Bogged in a salt lake in my 4WD
On the way out to Israelite Bay, you drive around the side of a big salt lake. The salt lake is around 190km away from Esperance, making it extremely remote and very difficult to recover a stuck vehicle.
I was driving in front in the 80 Series Land Cruiser, following one of the main tracks next to the lake. The ground was firm and very flat, making it easy to cruise along at 50km/h.
I was distracted by what I thought was a snake on the track, and missed a bend that resulted in one of the worst situations you could be faced with in a 4WD. I continued on forwards, and went down a little hump. I could see tracks going just next to where we were, so I wasn’t too concerned.
By this time, I was just idling along in 3rd high, sitting at around 35km/h. All of a sudden the rear left wheel sunk down over half a meter, and gave everything in the car a right shake up. It came right back up again, which was a relief.
I thought it had hardened back up again, when all of a sudden the right rear dropped again, then the left rear dropped, and the car came to an abrupt stop. I was not in a good situation, and judging by the angle I was sitting, we were in serious trouble.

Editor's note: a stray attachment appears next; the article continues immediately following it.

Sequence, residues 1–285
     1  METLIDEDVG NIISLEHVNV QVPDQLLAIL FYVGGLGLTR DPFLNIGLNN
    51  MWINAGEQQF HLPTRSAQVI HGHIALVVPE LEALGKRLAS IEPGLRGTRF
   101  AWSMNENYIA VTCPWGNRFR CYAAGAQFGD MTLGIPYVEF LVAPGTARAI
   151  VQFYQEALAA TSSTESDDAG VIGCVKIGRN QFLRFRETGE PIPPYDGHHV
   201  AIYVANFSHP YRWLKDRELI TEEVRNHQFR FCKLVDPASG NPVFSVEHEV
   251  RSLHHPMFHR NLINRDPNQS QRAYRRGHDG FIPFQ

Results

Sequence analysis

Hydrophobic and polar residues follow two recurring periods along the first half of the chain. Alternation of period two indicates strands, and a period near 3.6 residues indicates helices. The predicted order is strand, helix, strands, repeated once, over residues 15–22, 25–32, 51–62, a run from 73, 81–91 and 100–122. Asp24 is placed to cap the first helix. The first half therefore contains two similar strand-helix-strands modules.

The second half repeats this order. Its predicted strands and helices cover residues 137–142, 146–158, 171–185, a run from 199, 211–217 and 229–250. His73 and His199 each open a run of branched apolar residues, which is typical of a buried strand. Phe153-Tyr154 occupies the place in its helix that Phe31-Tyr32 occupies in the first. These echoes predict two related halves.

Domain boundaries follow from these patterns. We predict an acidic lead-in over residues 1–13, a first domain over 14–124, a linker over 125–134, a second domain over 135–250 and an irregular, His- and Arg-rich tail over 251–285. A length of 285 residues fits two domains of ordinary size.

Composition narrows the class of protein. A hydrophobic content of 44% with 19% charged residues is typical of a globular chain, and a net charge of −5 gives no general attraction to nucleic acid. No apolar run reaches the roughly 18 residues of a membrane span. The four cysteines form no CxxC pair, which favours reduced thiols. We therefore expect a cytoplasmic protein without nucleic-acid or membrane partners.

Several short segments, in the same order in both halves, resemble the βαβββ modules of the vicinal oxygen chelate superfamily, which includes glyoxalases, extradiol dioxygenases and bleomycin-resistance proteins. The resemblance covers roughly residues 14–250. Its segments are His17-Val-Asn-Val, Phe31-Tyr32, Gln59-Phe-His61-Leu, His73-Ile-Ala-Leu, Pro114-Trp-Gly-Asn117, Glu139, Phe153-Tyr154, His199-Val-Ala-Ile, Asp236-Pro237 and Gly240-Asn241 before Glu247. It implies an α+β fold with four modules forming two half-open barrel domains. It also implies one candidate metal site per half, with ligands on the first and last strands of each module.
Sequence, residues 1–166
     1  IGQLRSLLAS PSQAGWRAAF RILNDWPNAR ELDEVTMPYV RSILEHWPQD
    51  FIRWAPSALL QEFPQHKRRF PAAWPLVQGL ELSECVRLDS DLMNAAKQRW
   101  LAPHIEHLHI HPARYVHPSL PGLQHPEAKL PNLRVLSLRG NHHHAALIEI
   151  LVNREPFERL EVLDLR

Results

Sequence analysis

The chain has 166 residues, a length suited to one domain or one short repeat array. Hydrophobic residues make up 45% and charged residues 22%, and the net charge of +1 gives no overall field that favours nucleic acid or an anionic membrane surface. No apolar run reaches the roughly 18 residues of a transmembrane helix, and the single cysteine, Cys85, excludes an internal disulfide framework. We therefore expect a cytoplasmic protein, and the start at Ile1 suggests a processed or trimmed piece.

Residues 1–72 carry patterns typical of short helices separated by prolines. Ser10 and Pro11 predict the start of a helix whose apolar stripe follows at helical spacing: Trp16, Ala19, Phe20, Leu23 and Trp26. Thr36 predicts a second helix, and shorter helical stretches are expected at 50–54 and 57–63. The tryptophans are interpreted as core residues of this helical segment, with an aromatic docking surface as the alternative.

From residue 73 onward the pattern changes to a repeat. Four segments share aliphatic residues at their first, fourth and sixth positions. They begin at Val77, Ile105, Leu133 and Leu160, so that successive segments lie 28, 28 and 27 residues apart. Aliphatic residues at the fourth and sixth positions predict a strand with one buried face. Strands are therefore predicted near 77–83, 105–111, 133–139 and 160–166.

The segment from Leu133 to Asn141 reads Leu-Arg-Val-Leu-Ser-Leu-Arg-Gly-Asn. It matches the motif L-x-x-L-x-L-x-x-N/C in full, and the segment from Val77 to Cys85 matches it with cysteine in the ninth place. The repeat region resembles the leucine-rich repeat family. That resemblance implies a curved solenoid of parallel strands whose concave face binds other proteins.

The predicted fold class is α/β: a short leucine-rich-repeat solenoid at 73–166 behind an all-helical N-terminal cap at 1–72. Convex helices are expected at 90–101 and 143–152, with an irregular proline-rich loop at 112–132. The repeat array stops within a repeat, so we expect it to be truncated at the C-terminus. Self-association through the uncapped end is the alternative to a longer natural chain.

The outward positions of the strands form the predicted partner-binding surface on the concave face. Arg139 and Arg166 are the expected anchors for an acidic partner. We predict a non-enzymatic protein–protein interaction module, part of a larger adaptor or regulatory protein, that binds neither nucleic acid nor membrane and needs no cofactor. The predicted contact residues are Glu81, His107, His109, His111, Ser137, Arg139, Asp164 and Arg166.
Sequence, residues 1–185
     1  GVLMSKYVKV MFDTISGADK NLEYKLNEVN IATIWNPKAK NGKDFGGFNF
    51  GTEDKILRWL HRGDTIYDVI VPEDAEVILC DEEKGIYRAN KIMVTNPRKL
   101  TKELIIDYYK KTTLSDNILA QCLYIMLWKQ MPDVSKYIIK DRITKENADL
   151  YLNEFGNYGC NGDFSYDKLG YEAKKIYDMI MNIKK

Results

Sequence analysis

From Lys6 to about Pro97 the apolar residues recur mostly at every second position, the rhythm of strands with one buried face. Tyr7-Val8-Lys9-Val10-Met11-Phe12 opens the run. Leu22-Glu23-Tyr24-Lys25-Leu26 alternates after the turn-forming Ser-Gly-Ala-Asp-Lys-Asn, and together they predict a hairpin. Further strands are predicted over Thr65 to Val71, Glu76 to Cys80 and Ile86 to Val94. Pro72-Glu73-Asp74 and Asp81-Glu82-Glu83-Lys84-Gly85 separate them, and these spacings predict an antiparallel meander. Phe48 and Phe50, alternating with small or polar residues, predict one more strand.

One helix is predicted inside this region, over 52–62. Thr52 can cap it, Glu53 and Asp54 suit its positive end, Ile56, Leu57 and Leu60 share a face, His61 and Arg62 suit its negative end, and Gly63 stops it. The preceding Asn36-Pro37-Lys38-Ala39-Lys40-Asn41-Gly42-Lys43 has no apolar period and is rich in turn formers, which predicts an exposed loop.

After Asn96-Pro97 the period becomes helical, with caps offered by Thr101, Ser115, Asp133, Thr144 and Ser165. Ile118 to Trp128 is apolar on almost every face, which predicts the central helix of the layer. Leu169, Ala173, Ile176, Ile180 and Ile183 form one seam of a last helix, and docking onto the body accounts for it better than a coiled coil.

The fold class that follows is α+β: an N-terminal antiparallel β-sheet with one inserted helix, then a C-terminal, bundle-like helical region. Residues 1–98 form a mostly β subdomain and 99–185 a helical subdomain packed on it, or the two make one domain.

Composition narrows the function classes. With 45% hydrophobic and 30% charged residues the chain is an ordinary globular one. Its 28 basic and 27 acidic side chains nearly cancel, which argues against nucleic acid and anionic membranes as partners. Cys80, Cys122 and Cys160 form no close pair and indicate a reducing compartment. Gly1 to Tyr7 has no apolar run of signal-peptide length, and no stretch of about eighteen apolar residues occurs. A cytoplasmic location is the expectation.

Even having dropped it down to 2nd and given it a bootful before the car completely sunk down it wasn’t enough. Luckily, Daniel didn’t follow me, and continued around on solid ground.
The back corner of the car had sunk in the softest, stinkiest and saltiest mud I have ever experienced. I got out of the car (the drivers side door only just opened up as the mud was to the sill level) and began to consider the options. A rear recovery was out of the question because I couldn’t get to any recovery points, so we decided to join all of the snatch straps available together to see how it would go.
Nothing is that simple though, is it? Upon attempting to open the tyre carriers, I realised the mud was in the way and was going to cause a serious headache. I could only just swing the tyre carriers out (after pushing the tyres through the mud, so I could open the back of the car and then pull the drawers out.
I found my snatch straps, and joined them together with Daniel’s. We had 4 snatch straps joined together, spanning some 40 – 50 metres. Not the ideal situation, but you do what you can with what you have!